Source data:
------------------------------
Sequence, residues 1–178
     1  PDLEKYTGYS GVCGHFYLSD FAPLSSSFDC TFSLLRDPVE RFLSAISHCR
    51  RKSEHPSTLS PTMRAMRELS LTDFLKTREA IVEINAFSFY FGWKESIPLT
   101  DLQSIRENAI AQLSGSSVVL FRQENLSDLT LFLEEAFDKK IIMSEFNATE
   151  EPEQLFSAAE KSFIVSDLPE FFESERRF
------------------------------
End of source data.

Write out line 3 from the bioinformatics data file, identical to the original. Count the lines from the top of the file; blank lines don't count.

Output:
    51  RKSEHPSTLS PTMRAMRELS LTDFLKTREA IVEINAFSFY FGWKESIPLT